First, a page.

Cold Hearts Developer Talks Telling An Emotional Story With Appliance Romance

By Joel Couture . August 21, 2017 . 2:00pm


Cold Hearts is a game about romance and refrigerators, with the main character dealing with a personal loss during a strange period where fridges are becoming personified. Despite its silly premise, though, its developer say that the game will deal with depression, lost hopes, and learning to overcome the difficult parts that follow the death of a loved one.


Siliconera caught up with its developer, Outstar, to learn a little bit more about the project, delving into why they chose what appeared to be a goofy story for their emotionally-charged storyline, as well as how they intend to create appliances players want to get a little closer to.



What prompted the idea for Cold Hearts? Why this romance with refrigerators?

Outstar, Writer & Artists for Cold Hearts – Would love to have a better story about this, but it started with a mere joke in between me and my friend on Twitter. I wrote about dating fridges, he made up a name, I said – either you sell me the name for the game, or you join me in making this happen. He joined, and we stood loyal to this idea for over a year of development now.

Wise developers taught me once that ideas don’t matter that much, as you can make up dozens of original game concepts in one hour – what matters is if you manage to finish any of them.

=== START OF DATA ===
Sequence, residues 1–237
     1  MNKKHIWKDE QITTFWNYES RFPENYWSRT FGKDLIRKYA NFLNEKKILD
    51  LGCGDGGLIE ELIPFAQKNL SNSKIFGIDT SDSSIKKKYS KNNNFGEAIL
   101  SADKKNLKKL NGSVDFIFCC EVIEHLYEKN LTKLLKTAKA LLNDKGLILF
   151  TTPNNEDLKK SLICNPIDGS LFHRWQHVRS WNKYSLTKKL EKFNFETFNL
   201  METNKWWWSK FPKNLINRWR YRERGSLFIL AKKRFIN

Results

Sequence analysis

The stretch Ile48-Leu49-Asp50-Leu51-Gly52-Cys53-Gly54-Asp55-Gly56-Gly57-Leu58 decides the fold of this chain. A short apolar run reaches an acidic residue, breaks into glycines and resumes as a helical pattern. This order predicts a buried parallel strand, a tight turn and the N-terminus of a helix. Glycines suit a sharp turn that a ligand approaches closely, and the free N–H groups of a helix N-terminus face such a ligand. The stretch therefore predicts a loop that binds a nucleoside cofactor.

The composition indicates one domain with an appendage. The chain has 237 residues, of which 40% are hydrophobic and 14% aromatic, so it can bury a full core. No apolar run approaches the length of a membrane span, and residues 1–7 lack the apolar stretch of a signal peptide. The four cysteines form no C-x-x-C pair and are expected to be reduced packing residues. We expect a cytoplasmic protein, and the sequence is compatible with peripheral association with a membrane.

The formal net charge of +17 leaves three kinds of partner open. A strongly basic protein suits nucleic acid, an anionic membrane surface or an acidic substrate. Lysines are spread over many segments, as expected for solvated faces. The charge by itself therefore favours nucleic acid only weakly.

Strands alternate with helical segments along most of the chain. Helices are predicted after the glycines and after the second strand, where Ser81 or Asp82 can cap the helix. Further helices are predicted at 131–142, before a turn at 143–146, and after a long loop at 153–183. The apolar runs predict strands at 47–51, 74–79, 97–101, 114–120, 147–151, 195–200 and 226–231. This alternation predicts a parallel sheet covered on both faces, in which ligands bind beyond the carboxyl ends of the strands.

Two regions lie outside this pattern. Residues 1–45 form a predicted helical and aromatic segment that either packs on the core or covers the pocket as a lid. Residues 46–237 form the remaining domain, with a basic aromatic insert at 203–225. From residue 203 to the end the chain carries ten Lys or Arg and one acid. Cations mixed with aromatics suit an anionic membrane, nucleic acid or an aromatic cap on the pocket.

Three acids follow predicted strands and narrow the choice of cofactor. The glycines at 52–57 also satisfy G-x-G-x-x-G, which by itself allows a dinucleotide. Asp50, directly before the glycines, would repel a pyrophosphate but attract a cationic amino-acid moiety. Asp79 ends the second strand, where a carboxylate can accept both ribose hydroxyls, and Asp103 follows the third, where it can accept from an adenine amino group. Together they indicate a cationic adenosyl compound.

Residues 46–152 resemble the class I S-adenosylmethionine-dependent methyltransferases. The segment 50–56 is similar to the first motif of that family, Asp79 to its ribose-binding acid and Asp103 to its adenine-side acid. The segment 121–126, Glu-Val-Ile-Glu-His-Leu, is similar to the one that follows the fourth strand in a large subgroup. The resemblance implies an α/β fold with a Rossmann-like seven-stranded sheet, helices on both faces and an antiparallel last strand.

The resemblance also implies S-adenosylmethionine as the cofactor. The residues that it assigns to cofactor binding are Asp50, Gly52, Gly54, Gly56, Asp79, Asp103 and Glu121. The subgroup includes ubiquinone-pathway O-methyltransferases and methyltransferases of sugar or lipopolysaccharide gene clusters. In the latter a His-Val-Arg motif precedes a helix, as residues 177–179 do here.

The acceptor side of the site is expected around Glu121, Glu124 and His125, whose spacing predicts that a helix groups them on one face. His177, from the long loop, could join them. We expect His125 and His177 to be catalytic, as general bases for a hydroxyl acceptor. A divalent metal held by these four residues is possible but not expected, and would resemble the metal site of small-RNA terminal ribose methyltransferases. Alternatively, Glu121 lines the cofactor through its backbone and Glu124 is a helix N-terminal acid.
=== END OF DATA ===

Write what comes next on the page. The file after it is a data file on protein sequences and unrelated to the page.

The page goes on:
What work went into personifying each appliance? How did you choose which fridges would enter the player’s life, and what each of their personalities would be?

We started up pretty simple – we outlined character tropes we knew from popular visual novels and thought ‘What can we do with them?’. For example, gamers tend to love tsundere (hostile at first, caring in the end) characters, but does it mean every tsundere has to act the same, or be driven by similar motives? It was a road from simple adjectives that were supposed to create contrasting, different paths to suit every “taste”, so to speak – then we added more depth, backstories, and relations in between characters.

For me, it was most fun to design characters visually – all fridges have two forms, human and non-human, and they closely correspond with each other. An elegant, expensive fridge dressed in a long gown in her human form is not going to be covered with magnets when she’s an appliance!



How do you create a connection between the player and their fridge/lover? How do you get the player to feel for these beings?

Our protagonist struggles with it as well. After all, these are ‘just fridges’, and he might treat his contact with them as a sign of mental illness or exhaustion. We often thought about what the player could feel in the same situation, and questions he/she would like to ask. Our general aim is to slowly introduce these feelings and lead to the point where the funny concept of romancing fridges doesn’t matter anymore – emotions start to get real.

Hatoful Boyfriend did that to some extent, but we wanted to go a little bit further, ditching the comedic setting and giving a very serious reason behind humans ‘being’ fridges, or vice versa. Revealing that would be a huge spoiler though, so I recommend playing the game yourself to find out why :).